Directed by Claire Denis, High Life might be the most challenging film on this list, not only because of its bleak premise, but because its ultimate message is open to a wide interpretation. Imagine the most miserable penal colony in the galaxy, populated with the most damaged prisoners and guards, set inside of a spacecraft that is hurtling toward a black hole. Oh, and they’re conducting fertility experiments that will ultimately amount to nothing. Still interested?
Like many of the films above, this one depicts the usual stoicism one would expect from this situation. But its opening scene, in particular, promises something more. In it, lonely prisoner Monte (Robert Pattinson) tries to comfort a baby girl named Willow while going about the mundane tasks of maintaining the ship. Even while on a spacewalk, communicating over radio, Monte soothes the child with a heartbreaking tenderness. A more cutting heartbreak follows as we discover the troubled path that has brought Monte here, and the terrible fate that has befallen the crew. Yet despite this tragedy, the protagonist has managed to become a more loving person, experiencing the fullness of life even within these sterile surroundings.
As the story progresses, we see how the characters have muddled through their isolation—some giving in to hedonistic desires, others adopting a Zen-like attitude. Through it all, the movie does not invite the viewer to judge, only to have mercy. And at the end, when the survivors decide to venture into the unknown, their decision feels well-earned, a natural progression from the more animal-like state to which they descended.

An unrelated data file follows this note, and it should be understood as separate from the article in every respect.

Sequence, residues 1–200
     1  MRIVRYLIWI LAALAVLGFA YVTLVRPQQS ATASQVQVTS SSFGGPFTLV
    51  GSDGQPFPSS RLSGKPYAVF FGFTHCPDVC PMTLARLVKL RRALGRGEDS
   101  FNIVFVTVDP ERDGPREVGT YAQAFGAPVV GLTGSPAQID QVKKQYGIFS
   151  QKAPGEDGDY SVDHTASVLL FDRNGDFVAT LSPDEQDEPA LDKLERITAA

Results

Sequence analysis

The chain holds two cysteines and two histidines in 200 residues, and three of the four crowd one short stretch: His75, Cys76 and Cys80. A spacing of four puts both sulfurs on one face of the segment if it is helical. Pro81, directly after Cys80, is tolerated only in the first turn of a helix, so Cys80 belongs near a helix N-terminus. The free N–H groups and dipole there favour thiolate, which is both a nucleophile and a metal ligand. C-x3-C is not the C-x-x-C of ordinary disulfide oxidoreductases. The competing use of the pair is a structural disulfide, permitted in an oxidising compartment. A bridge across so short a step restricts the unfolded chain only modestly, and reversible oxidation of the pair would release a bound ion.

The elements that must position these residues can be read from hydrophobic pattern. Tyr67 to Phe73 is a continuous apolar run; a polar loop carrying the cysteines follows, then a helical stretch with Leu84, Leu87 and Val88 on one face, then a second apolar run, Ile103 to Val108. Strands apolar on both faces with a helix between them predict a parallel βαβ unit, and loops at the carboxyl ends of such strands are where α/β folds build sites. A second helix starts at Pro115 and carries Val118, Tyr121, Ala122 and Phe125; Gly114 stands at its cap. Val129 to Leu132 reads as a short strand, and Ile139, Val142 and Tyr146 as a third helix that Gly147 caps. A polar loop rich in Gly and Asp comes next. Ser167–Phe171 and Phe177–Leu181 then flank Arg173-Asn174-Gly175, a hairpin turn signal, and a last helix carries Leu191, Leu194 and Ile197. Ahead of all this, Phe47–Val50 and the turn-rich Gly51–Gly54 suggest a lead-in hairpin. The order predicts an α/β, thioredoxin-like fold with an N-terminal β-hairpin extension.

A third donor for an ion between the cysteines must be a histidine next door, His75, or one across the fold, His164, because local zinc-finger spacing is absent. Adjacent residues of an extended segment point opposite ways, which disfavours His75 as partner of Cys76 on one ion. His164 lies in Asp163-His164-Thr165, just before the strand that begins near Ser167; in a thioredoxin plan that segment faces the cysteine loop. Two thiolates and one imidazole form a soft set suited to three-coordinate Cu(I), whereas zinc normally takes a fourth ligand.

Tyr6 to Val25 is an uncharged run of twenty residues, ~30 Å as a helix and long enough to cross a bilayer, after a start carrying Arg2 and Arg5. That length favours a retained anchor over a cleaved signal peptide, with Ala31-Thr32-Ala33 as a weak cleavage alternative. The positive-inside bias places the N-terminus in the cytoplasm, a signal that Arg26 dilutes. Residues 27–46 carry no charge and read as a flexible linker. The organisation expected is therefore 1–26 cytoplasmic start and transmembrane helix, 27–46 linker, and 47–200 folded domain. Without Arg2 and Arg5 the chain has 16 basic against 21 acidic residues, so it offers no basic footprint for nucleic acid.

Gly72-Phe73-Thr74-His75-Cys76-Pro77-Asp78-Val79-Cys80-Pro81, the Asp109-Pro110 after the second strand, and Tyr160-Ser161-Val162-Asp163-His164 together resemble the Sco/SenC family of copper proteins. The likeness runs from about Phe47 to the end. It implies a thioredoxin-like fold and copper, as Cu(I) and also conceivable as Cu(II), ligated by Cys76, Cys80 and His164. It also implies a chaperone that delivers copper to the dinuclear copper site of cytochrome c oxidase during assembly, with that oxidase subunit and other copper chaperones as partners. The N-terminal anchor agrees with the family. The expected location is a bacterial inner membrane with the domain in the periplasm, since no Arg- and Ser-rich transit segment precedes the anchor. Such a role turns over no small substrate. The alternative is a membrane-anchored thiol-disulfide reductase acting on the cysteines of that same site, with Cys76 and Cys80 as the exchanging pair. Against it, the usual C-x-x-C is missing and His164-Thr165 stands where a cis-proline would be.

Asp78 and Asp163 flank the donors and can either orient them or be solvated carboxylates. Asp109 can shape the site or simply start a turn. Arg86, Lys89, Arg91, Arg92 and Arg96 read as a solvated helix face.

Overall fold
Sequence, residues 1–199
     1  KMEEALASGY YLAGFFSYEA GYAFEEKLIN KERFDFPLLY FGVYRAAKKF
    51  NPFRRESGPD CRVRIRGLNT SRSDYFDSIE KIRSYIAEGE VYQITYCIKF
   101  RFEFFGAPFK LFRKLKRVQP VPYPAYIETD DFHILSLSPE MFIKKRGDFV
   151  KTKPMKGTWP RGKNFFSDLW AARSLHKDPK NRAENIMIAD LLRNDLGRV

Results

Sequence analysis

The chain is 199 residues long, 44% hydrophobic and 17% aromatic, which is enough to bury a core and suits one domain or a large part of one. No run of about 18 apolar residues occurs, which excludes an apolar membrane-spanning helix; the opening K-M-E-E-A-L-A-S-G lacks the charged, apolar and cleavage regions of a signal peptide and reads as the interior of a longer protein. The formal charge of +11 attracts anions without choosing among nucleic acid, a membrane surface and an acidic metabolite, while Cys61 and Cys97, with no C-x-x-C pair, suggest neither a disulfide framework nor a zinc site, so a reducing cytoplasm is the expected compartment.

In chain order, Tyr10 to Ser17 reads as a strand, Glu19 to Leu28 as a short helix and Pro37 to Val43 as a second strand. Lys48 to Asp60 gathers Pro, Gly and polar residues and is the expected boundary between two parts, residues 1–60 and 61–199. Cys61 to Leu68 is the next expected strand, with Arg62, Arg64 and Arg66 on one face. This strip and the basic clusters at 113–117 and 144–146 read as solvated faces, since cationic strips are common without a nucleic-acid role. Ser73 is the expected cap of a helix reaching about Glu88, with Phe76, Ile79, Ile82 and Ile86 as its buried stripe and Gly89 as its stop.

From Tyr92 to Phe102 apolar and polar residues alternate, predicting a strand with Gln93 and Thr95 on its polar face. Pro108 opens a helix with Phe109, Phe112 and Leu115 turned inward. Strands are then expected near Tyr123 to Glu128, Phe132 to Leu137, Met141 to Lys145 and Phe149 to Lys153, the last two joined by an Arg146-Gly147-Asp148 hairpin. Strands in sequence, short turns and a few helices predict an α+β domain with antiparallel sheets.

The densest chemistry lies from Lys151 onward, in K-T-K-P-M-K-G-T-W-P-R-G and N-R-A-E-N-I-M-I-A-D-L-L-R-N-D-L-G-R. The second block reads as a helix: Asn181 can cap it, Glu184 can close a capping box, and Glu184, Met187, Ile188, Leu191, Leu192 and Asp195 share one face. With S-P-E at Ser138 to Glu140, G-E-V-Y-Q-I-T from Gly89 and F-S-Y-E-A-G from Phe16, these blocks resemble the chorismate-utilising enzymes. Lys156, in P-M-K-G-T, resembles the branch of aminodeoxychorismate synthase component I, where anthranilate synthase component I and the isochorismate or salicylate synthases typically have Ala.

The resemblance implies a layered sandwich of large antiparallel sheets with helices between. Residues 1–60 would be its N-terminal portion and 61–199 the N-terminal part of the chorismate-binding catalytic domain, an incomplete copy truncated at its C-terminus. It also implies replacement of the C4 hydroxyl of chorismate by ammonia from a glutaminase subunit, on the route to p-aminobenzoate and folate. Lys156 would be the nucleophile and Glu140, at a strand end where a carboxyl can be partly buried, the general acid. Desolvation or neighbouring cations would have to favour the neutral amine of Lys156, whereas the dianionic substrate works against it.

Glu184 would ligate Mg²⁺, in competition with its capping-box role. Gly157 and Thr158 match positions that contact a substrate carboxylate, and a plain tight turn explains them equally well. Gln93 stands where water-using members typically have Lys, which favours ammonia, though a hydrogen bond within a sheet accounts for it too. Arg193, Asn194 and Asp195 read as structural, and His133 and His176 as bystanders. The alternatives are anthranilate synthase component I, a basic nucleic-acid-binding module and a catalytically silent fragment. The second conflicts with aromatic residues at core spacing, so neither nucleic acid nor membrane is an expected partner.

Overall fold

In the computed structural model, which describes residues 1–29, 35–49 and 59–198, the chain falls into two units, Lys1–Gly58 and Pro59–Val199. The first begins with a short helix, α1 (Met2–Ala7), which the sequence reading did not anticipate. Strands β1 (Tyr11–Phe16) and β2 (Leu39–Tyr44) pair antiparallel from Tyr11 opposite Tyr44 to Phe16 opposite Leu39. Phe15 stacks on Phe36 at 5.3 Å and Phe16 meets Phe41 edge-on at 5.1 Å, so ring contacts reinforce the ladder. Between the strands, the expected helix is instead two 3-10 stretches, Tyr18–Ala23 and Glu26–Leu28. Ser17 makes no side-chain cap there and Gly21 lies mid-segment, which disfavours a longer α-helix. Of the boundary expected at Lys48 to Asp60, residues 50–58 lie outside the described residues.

Contact—Discovery as a transcendent experience
Based on the novel by Carl Sagan, and featuring an independent atheist woman as a protagonist, Contact may be the most overtly humanist film on the list. The movie aims for a realistic depiction of humanity’s first attempt at communicating with alien life, as opposed to the more whimsical portrayal in Close Encounters of the Third Kind. Ellie Arroway (Jodie Foster) leads the mission, despite efforts from those (men) around her to take credit for her work. But her lack of faith becomes the reason why she is not chosen to become the first person to make contact with the aliens. The scientists instead pick someone whom they feel better represents humanity (again, a man).
In its middle act, Contact is at its sharpest when Ellie and theologian Palmer Joss (Matthew McConaughey) debate meaning and existence. Though brilliant and empathetic, Palmer represents a smarmy, wishy-washy religiosity that attempts to be so inclusive that it arguably becomes meaningless. Ironically, an act of terrorism by a religious zealot leads to Ellie getting a second chance to complete the mission. However, her communication with the aliens is lost in the process, and Ellie has no choice but to ask people to take it on faith that she succeeded. It is a humbling moment for a hero who has relied on reason for the entire story.